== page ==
In the Experimental Farms Service, the Economic Fibre Production division was merged into the Field Husbandry division in 1952, and the Poultry Husbandry division was merged into the Animal Husbandry division in 1957. Finally, in 1959 both the Experimental Farms Service and the Science Service were dissolved and reformed as the Research Division of the Department of Agriculture.
The Directors of the Experimental Farms were:
William Saunders, 1886-1911.
J.H. Grisdale, 1911-19.
Edgar Spinney Archibald, 1919-50.
E.S. Hopkins, 1950-55.
Cyril Harold Goulden, 1955-59.
The Dominion Agriculturalists were:
William Saunders, 1886-90.
James W. Robertson, 1890-96.
William Saunders (acting), 1897-98
J.H. Grisdale, 1899-1912.
The Dominion Poultry Husbandmen were:
A.G. Gilbert, 1888-1913.
F.C. Elford, 1913-37.
G. Robertson, 1937-46.
H.S. Gutteridge, 1946-57.
The Dominion Animal Husbandmen were:
Edgar Spinney Archibald, 1912-20.
George B. Rothwell, 1920-31.
G.W. Muir, 1931-51.
H.K.C.A. Rasmussen, 1951-59.
The Dominion Field Husbandmen were:
J.H. Grisdale, 1912-19.
Edgar Spinney Archibald, 1919-20.
E.S. Hopkins, 1920-46.
P.O. Ripley, 1946-59.
The Chiefs of the Tobacco Division were:
Felix Charlan, 1913-24.
C.M. Slagg, 1924-28.
N.T. Nelson, 1928-46.
Norman MacRae, 1946-59.
The Chiefs of Extension & Publicity for the Experimental Farms Service were:
J.F. Watson, 1914-17.
W.A. Lang, 1917-21.
F.C. Nunnick, 1921-35.
The Supervisors of the Illustration Stations Division were:
John Fixter, 1915-27.
J.C. Moynan, 1928-53.
A.E. Barrett, 1953-59.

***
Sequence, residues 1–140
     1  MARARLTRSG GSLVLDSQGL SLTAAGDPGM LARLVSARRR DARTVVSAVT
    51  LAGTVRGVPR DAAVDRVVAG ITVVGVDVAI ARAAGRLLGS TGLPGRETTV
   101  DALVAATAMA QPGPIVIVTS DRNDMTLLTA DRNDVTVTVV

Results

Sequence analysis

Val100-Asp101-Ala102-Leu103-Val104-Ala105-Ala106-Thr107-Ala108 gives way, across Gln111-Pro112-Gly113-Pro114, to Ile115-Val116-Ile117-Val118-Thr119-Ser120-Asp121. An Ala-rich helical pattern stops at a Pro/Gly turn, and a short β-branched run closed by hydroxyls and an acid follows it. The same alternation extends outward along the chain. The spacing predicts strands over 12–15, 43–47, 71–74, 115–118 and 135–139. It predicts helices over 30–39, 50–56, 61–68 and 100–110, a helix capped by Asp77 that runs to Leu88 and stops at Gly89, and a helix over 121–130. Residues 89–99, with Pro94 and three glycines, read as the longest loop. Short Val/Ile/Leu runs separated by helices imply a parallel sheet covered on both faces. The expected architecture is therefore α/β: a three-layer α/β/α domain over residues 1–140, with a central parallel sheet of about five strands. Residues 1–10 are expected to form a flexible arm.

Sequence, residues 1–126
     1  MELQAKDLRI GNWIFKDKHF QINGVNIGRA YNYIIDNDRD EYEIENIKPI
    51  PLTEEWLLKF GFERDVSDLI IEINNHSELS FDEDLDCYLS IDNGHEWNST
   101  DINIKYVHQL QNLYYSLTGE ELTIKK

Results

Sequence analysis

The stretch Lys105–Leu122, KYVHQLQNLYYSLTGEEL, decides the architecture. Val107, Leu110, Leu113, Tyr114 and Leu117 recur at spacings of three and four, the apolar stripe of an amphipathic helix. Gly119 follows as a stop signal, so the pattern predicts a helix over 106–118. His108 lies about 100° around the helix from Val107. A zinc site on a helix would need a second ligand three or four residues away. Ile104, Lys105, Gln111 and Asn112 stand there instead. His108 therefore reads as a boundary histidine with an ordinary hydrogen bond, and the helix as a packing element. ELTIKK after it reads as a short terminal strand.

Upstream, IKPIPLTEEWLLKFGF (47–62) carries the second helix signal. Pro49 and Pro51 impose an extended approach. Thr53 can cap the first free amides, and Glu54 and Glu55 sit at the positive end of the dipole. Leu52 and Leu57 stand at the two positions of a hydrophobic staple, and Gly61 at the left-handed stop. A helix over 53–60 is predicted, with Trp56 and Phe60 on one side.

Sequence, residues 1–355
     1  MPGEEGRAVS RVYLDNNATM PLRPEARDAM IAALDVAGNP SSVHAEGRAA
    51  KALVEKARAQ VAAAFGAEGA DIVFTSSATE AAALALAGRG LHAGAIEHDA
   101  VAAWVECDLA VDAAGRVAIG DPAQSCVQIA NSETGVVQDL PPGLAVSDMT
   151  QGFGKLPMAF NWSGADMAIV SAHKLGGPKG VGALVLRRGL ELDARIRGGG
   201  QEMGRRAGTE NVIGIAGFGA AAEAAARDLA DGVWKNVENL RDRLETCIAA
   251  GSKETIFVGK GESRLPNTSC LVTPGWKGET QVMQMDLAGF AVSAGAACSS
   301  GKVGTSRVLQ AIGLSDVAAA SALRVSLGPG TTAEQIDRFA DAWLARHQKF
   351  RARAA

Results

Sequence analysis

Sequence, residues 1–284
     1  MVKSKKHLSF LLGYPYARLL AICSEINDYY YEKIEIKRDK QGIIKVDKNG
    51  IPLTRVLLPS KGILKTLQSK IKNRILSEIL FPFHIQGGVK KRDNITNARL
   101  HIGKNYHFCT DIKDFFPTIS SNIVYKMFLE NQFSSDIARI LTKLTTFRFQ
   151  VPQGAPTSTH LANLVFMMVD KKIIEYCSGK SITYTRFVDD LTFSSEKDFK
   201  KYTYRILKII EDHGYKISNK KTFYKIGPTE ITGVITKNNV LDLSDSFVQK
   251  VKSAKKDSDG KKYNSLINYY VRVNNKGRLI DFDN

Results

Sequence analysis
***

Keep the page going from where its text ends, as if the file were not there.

The Chiefs of Economic Fibre Production were:
G.G. Bramhill, 1917-18.
R.J. Hutchinson, 1918-52.
The Directors of the Department of Agriculture Science Service were:
J.M. Swaine, 1937-46.
K.W. Neatby, 1946-58.
Robert Glen, 1958-59.
The only Dominion Agricultural Bacteriologist was Allan Grant Lochhead, 1923-37.
The Chiefs of the Bacteriology & Dairy Research Division (Bacteriology Division after 1953) were:
Allan Grant Lochhead, 1937-56.
H. Katznelson, 1956-59.
One of the tricky things about Parliament is that it spends all its time making and changing laws, but there are plenty of people involved in that process have zero legal training. For this reason, on the staff of both the House of Commons and the Senate, there is an official known as the Law Clerk and Parliamentary Counsel, who reports to the Clerk of their respective chambers. As the name suggests, they have a dual duty: as Law Clerk, they are in charge of making sure that new bills don’t make a pig’s breakfast of the existing law; and as Parliamentary Counsel, its his job to intervene in any court case involving an MP or Senator to make sure the privileges and immunities afforded to a member of the House or Senate aren’t violated.
The position of Law Clerk and Parliamentary Counsel to the House of Commons was established in 1867. Between 1922 and 1951, the title of Parliamentary Counsel was abolished and the position of Law Clerk of the House of Commons was held jointly by two people. The Law Clerk and Parliamentary Counsel was abolished again in 1991, with the workload split between a Legal Services Office reporting to the Clerk of the House and a Legislative Counsel Office reporting to the Deputy Clerk of the House. That decision was reversed in 1999 and things were put back the way they were before.